sliding it back again or untying it. You’ll need to cut it off.
The Dyneema jacket failed again, a few inches below the knot oddly, and the slippery core pulled through, but it withstood 2.1 tonnes of load. That’s only 39% of rated break load, but it’s the second best performer after the splice. Incredibly, for Marlowbraid, this loop equalled the load borne by the splice, 3.7 tonnes and 82% of its break load.
These have been on the market for a few years, but could they match the strength of a splice? The black core has barbs in channels that grip the standing end going into the bight, and the bitter end twice as it wraps around the black core. The grey shell is screwed on to hold it all in place.
As the largest rope they can handle is 10mm, we used our 10mm Dyneema and 8mm Marlowbraid (rated break load 1.58 tonnes) for the smaller nut. They were disappointing. At just 0.5 tonnes both lines pulled through, deforming the barbs as they went. That’s 9% of breaking strain for Dyneema and 32% for the Marlowbraid.
When you need to fasten one line to another, you’ll need a bend, but which one?
So called because it is the knot used to secure reefs, using the gaskets running through the mainsail’s reefing points, the reef knot is generally perceived to be useful for joining two lines together but it’s not secure. Pull one bitter end perpendicular to the line and the knot capsizes. Nor is it a particularly strong knot. The Dyneema jacket snapped at just 0.9 tonnes, 17% of its rated break load, and the Marlowbraid managed only 1.2 tonnes, 27%, before the knot pulled through. It’s useful as a binding knot, if you ensure both bitter ends are on the same side of the knot, but as a bend it’s hopeless.
This is more useful than the reef knot, particularly for tying two lines of differing diameters. Also known as the weaver’s knot, as it’s used to make fishing nets, its main drawback is that it can fall apart if there is no tension in the standing parts. Make sure both working ends emerge from the same side of the knot, otherwise you have a ‘left-handed’ knot, which is less secure.
Again, Dyneema seems to buck convention as the knot just slipped through. We stopped the pull before the two lines slipped free, but there was only 0.9 tonnes of strain on the gauge, just 17% of its rated strength and the same as the reef knot. Marlowbraid fared much better, with 1.8 tonnes, 40% of its strength, before it exploded.
Double sheet bend
This, as its name suggests, is more secure than the single sheet bend, particularly with lines of different diameters, because the extra turn with the thinner line adds more friction, making it less likely to fall apart. Again, the working ends must emerge on the same side of the knot.
Dyneema continues to beat convention. It gripped until the jacket broke, at which point the core pulled through with 1.2 tonnes on the clock, 22% of rated break load. The Marlowbraid fared better, ‘bouncing’ the tension into the knot before exploding – there’s no other word – at 2.0 tonnes, or 44%.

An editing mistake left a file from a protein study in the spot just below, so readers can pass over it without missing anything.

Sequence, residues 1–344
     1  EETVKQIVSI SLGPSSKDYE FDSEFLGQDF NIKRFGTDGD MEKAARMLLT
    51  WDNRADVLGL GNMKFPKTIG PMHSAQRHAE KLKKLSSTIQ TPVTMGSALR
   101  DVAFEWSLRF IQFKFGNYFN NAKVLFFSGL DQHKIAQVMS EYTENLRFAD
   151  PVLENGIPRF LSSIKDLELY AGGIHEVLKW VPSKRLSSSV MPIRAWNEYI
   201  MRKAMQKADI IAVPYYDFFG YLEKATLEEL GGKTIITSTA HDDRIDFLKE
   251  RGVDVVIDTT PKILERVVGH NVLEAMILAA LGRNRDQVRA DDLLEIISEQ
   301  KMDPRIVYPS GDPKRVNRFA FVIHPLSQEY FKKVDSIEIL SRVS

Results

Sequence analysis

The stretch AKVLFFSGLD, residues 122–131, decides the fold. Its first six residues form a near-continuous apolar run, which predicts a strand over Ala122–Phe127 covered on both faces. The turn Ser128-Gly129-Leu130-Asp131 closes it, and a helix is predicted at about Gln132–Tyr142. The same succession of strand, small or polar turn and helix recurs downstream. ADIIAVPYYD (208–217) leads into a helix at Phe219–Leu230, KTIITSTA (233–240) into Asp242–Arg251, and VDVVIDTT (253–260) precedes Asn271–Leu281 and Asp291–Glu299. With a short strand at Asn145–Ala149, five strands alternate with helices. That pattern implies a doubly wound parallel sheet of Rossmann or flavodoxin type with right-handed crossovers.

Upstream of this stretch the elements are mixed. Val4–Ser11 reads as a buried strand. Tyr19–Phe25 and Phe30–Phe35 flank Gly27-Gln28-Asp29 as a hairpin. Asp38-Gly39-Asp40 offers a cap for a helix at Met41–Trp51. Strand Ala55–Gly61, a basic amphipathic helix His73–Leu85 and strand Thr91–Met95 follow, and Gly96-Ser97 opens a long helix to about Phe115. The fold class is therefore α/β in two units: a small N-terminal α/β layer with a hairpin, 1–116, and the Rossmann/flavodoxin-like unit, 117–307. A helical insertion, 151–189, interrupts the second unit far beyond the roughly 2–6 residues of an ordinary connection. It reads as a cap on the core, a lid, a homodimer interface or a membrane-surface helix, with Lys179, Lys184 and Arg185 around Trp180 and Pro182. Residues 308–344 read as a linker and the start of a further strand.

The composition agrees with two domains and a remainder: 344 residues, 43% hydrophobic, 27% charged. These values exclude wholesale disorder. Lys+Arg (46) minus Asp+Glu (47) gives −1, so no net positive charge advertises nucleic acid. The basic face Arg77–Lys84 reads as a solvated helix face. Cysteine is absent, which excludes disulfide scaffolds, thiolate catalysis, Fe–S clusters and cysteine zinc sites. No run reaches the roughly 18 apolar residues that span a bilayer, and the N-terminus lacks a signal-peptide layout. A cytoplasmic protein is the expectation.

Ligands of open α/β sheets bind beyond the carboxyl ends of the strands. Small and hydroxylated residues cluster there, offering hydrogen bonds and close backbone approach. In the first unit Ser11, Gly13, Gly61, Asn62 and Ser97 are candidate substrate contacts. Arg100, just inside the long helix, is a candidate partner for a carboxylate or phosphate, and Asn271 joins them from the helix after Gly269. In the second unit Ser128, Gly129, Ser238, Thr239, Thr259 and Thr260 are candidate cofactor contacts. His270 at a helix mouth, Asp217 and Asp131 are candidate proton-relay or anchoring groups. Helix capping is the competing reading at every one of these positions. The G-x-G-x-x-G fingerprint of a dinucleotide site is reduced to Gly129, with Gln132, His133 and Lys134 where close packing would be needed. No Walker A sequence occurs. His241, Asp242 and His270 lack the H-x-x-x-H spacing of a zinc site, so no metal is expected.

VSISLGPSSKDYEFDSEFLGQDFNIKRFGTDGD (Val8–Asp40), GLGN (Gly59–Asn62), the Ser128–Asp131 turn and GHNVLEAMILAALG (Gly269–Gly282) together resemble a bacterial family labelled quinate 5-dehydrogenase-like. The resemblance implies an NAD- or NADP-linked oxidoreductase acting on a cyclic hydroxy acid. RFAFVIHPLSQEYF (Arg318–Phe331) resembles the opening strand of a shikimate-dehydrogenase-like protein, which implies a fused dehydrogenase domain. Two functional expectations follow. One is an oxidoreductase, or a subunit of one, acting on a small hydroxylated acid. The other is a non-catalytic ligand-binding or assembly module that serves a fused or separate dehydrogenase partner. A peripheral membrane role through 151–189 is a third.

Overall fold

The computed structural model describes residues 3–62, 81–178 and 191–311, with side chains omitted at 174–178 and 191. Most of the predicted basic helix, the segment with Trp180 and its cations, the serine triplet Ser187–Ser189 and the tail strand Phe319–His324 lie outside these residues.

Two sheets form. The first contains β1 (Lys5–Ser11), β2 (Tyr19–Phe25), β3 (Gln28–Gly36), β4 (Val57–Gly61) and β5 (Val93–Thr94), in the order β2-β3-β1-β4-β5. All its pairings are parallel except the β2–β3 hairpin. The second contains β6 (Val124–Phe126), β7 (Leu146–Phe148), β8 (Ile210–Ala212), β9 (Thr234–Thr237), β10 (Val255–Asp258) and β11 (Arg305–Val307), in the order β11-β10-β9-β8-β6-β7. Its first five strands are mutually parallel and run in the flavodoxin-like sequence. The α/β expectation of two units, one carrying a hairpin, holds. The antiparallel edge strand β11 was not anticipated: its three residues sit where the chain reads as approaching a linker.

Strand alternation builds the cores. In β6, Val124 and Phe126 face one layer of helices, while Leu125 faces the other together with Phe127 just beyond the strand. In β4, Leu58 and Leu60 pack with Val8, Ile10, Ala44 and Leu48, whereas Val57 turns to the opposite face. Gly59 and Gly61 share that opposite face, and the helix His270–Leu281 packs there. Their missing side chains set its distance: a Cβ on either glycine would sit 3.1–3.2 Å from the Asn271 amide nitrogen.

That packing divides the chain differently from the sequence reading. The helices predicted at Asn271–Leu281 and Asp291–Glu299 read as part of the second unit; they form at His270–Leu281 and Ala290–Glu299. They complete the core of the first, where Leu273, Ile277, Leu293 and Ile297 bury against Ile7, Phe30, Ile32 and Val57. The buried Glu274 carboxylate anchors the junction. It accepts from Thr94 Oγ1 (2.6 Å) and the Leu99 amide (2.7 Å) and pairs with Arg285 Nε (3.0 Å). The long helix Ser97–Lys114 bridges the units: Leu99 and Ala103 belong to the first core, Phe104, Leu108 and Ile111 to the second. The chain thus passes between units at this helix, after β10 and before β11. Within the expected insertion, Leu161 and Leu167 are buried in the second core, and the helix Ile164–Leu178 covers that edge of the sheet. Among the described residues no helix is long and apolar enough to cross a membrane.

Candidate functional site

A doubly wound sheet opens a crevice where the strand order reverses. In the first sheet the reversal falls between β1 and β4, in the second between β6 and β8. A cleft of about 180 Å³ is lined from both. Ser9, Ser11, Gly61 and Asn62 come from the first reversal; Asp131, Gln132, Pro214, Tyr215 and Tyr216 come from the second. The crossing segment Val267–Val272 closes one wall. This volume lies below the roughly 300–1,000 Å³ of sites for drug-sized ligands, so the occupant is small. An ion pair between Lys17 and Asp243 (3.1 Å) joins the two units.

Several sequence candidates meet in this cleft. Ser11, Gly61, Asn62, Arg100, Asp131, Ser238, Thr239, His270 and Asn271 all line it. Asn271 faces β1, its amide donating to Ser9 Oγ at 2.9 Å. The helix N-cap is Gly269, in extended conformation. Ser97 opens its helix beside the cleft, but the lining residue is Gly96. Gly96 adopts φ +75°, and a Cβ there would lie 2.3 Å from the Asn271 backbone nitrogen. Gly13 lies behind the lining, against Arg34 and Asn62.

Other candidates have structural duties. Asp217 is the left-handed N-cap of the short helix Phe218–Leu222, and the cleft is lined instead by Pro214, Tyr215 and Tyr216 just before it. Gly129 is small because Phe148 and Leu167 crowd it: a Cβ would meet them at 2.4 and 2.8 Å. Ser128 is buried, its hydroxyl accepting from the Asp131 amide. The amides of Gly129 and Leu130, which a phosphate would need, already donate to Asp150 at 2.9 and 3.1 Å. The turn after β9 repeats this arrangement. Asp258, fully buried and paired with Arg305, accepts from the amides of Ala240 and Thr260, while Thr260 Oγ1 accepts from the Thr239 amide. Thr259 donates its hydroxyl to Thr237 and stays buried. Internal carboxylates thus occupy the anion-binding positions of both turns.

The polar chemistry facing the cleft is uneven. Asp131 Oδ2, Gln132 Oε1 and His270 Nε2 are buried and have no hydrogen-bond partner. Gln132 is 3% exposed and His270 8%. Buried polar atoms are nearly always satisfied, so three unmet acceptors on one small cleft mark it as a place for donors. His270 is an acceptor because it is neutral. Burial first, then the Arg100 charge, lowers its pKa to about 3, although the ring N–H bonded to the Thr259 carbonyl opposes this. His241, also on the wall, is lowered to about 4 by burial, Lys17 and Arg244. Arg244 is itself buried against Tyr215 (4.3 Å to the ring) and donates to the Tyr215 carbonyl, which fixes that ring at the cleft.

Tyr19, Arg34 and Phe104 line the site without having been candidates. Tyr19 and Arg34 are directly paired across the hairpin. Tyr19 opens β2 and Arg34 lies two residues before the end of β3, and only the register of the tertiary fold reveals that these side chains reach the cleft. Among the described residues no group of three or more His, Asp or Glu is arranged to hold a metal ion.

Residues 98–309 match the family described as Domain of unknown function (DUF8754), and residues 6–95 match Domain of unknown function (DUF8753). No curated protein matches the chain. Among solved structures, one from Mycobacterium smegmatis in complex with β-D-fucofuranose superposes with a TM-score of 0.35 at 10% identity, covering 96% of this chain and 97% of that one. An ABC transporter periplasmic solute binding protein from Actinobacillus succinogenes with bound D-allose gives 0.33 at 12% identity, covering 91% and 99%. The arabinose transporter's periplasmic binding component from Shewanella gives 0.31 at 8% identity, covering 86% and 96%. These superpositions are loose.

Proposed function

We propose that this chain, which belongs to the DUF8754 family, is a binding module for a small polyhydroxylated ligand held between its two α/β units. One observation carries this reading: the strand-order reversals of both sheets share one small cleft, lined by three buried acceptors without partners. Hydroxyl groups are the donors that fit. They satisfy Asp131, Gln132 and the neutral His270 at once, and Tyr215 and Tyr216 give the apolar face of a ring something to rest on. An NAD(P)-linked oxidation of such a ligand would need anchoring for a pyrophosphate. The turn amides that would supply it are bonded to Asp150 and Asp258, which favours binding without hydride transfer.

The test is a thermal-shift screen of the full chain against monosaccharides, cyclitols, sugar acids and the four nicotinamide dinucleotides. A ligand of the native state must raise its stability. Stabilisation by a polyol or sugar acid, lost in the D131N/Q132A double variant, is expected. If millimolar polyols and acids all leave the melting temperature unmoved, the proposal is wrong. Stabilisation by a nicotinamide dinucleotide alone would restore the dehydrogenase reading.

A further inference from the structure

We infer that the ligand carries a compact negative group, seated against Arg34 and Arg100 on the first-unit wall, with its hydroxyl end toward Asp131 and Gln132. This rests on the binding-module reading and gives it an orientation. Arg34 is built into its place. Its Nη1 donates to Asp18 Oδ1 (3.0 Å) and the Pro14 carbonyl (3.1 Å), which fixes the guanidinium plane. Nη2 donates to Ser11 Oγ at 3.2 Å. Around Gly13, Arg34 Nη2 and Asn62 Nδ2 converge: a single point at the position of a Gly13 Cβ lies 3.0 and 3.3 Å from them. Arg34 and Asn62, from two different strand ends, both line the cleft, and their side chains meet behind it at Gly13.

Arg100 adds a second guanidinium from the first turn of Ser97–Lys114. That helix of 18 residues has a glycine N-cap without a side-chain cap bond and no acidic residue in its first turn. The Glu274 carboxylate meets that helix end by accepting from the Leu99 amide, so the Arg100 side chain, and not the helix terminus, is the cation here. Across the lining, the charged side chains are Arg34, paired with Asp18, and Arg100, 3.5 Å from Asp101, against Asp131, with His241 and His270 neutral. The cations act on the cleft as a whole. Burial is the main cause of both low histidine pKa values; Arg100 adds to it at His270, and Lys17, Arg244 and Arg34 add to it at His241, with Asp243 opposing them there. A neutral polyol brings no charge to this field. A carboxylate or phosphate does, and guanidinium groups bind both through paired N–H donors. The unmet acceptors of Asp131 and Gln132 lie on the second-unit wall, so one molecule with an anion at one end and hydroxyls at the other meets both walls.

Popular with anglers, hence ‘fisherman’s’, and it’s called a ‘knot’ to distinguish it from the fisherman’s bend (anchor bend), but it’s still a bend. Simply, it is two lines, overhand-knotted to each other, and used for bending together two similar lines.
The Dyneema held briefly until the jacket once again snapped and the core pulled through. The jacket failed with 1.1 tonnes of strain, just under 20% of its strength, while the Marlowbraid snapped completely at the pinch point where the standing end meets the knots. There was a creditable 1.8 tonnes on the gauge, 41% of its theoretical strength.
Double fisherman’s knot
This serves a similar purpose to the fisherman’s knot but the working ends are tied over the opposing standing parts in a double overhand knot. This makes it more suitable for slippier line, like new cordage with a shiny jacket or slime-covered lines.
The double fisherman’s knot proved to be the best bend for Dyneema, withstanding 1.6 tonnes of load or 30% of its rated break load, before, once again, the jacket broke and the core pulled through. It was also the strongest bend for the Marlowbraid, withstanding 2.6 tonnes, 58%, before failing in the same way as the single fisherman’s knot.
Which loop proved to be the strongest, and which bend outlasted the rest? Let’s analyse the results
For all three types of cordage, the eye splice was the strongest loop, provided the splice is very long and tapered, because splices tend to fail at its end. A spliced loop is fine for mooring lines and it’s the best solution for fastening shackles to halyards, provided the splice is served with whipping twine. Splicing nuts didn’t fair at all well. If you can’t splice three-strand, you haven’t actually tried because it’s fairly easy, but you should choose the round turn with two half-hitches.
Of the other loops, the double fisherman’s loop is the strongest. If you can’t splice Marlowbraid or find a rigger to do it for you, that’s the knot to choose. The bowline, the ‘king of knots’, fared marginally worse than the figure of eight, suggesting a shackle spliced onto your jib sheets and taped round with Velcro for protection is the best option.
Of the bends, the double fisherman’s knot was the pick of the bunch for both Dyneema and Marlowbraid, with the double sheet bend a fairly distant second. The single version of both performed better than the reef knot.
In general, it’s clear that a knot in any load-bearing line weakens it significantly so anything but a long line with a splice at the end is seriously compromising the line’s strength. On the other hand, it’s reassuring to know that you will have fair warning that a knot is about to fail because there will be plenty of creaking and jumping as the tension hauls any stretch out of the line.
Which knot is best for what?
A decent, long eye splice is the best option for security and strength – handy virtues when it comes to mooring up – but the loop will wear in the same place. If you use Marlowbraid for mooring but can’t splice it, the round turn and two half-hitches is best. It’s stronger than a bowline and it can be untied under load.
Sheets and shackles
For fastening sheets to sails, the data says you’ll be better off with a double fisherman’s loop – however, that’s assuming you don’t mind cutting them off the clew at the end of the season – the bowline is much easier undone. For fastening shackles to halyards, that’s not a problem so if you can’t eye-splice a shackle, choose the double fisherman’s loop.
Bending lines together
Again, going from the data, the strongest bend for joining two lines of the same, or similar diameter was the double fisherman’s knot. For lines of different diameter, the double sheet bend is the most suitable knot – It’s the most secure and among the quickest to tie.